"Qualcomm's ongoing campaign of patent infringement claims is nothing more than an attempt to distract from the larger issues they face with investigations into their business practices in U.S. federal court, and around the world," Apple said. It declined to comment on whether it would appeal.
The case is part of a series of lawsuits around the world between the companies. Apple has alleged that Qualcomm engaged in illegal patent practices to protect a dominant position in the chip market, and Qualcomm has accused Cupertino, California-based Apple of using its technology without compensation.
To date, Qualcomm has won sales bans on iPhones in Germany and China, though the Chinese ban has not been enforced and Apple has taken moves it believes allow it to resume sales in Germany.
Qualcomm also suffered a setback with U.S. trade regulators who found that some iPhones infringed one of the San Diego-based company's patents but declined to bar their importation into the United States, citing the damage such a move would inflict on rival Intel Corp.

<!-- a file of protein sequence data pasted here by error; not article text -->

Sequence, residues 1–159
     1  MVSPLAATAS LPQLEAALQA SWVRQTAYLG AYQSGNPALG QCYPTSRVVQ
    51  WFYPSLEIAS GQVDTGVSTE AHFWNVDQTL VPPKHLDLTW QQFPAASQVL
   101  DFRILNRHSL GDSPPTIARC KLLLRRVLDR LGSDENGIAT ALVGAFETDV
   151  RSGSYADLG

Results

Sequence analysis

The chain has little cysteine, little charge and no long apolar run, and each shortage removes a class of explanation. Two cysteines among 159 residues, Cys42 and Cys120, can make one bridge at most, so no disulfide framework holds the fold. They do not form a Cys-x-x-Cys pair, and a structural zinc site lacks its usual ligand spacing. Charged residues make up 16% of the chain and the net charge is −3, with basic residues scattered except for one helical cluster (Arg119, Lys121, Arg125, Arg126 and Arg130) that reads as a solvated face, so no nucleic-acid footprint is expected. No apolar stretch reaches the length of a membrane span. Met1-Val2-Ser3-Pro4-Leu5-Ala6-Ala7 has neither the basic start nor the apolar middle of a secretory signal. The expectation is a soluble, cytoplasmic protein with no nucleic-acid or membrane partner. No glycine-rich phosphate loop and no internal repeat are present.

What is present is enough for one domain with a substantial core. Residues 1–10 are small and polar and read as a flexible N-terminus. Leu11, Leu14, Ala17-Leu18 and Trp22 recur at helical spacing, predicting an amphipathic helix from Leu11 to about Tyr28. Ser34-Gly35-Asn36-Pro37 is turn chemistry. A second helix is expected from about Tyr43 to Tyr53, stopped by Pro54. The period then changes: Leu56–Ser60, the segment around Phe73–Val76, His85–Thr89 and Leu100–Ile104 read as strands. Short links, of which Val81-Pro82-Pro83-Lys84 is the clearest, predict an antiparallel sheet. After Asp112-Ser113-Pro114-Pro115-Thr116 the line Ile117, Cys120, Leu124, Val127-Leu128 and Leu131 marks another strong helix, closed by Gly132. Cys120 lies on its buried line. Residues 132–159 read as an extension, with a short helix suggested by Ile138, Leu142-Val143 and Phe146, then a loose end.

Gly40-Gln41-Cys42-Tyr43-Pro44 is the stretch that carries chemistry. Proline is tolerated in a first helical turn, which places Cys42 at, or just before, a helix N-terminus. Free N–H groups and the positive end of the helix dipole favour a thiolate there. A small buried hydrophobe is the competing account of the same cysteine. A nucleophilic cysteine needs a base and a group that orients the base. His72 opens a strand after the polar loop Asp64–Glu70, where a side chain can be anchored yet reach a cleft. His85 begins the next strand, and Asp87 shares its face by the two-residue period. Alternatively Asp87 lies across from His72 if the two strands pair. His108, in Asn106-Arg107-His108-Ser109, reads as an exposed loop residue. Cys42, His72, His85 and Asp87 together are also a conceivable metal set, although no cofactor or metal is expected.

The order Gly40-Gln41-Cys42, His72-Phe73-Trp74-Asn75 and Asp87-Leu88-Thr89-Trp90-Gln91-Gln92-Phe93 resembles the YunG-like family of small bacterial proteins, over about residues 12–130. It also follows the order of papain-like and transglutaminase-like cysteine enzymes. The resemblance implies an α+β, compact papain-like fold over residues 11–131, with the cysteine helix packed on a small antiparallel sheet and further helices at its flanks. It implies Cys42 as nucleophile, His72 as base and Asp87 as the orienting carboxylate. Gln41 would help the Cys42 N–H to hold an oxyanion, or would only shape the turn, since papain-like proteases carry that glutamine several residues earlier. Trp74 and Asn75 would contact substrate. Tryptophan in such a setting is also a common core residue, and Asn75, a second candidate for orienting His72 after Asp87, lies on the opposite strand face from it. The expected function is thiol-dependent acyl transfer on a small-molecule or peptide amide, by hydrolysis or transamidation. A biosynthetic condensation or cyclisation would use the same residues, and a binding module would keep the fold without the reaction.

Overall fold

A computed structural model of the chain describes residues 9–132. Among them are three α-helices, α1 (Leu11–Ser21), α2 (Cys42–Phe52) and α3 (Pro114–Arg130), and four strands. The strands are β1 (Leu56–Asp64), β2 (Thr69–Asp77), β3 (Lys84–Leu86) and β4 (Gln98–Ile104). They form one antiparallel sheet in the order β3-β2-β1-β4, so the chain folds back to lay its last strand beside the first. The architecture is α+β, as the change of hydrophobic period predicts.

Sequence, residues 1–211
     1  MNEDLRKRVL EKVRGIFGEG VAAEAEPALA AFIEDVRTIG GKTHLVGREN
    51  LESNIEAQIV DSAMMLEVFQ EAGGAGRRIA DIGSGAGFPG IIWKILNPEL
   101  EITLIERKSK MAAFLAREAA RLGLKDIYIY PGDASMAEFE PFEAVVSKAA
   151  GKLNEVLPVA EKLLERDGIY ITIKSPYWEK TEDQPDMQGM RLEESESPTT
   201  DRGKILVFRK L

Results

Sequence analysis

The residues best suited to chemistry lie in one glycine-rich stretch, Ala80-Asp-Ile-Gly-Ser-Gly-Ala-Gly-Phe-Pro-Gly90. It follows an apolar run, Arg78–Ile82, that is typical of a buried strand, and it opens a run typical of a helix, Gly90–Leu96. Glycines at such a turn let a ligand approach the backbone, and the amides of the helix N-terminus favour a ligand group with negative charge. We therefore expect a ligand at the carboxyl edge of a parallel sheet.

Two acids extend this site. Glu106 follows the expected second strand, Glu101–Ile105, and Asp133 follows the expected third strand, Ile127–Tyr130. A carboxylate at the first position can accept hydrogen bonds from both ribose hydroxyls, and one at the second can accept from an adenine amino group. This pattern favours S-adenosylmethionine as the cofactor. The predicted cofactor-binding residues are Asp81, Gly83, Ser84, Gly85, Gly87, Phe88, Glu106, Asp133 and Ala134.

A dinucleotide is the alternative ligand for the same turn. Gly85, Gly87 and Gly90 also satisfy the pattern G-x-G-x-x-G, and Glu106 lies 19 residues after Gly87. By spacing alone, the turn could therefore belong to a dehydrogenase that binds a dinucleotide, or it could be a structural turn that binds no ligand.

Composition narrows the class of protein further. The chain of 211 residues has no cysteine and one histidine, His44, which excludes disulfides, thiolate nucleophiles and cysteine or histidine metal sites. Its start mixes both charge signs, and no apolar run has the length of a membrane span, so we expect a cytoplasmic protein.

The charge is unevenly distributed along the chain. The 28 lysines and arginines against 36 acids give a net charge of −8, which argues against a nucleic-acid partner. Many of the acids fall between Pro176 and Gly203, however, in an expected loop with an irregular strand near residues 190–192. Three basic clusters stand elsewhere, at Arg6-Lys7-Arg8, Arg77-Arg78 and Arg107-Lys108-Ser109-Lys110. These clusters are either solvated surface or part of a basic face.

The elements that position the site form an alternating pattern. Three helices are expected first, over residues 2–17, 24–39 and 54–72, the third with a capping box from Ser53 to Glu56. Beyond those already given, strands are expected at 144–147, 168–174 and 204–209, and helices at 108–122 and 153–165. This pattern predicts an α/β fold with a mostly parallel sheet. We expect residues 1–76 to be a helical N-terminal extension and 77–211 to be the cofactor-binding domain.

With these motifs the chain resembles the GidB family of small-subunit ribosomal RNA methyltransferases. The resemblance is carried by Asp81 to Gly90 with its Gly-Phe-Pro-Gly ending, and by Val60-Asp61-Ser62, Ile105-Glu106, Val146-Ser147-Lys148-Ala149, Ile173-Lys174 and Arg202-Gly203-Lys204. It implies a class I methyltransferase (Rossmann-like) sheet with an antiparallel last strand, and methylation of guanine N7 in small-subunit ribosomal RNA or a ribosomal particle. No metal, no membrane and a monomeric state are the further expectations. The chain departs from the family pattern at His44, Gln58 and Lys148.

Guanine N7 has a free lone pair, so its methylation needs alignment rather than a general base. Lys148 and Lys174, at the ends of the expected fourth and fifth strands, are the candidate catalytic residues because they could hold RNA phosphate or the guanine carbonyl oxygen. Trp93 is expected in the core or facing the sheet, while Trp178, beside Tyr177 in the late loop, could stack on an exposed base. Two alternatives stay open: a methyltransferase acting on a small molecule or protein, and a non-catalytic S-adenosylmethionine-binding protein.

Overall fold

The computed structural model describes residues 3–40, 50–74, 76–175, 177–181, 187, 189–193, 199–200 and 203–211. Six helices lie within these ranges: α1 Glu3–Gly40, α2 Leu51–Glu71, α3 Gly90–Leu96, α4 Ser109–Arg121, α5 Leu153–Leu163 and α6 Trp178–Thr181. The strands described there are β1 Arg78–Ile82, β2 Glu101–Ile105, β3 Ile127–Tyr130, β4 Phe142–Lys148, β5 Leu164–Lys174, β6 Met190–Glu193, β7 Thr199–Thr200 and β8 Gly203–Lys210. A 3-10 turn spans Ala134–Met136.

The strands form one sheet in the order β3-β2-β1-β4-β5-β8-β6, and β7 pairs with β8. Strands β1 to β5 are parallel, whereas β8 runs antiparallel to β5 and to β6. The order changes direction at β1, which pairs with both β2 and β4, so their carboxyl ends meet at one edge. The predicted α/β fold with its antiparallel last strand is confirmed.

The companies' legal battle will reach a crescendo in April, when an antitrust case filed by Apple in early 2017 heads to trial and challenges the foundation of Qualcomm's business model of licensing its patents to mobile device makers and selling them chips.
The verdict on Friday could come into play in that case because it puts a per-phone dollar figure on some of Qualcomm's intellectual property. Qualcomm's patent licensing model relies on charging phone makers a cut of the selling price of the phone, a practice Apple has alleged is unfair and illegal.
During an earlier trial between Qualcomm and the U.S. Federal Trade Commission, Apple executives outlined their company's extensive negotiations to reduce those license fees to $7.50 per phone for Qualcomm's patents.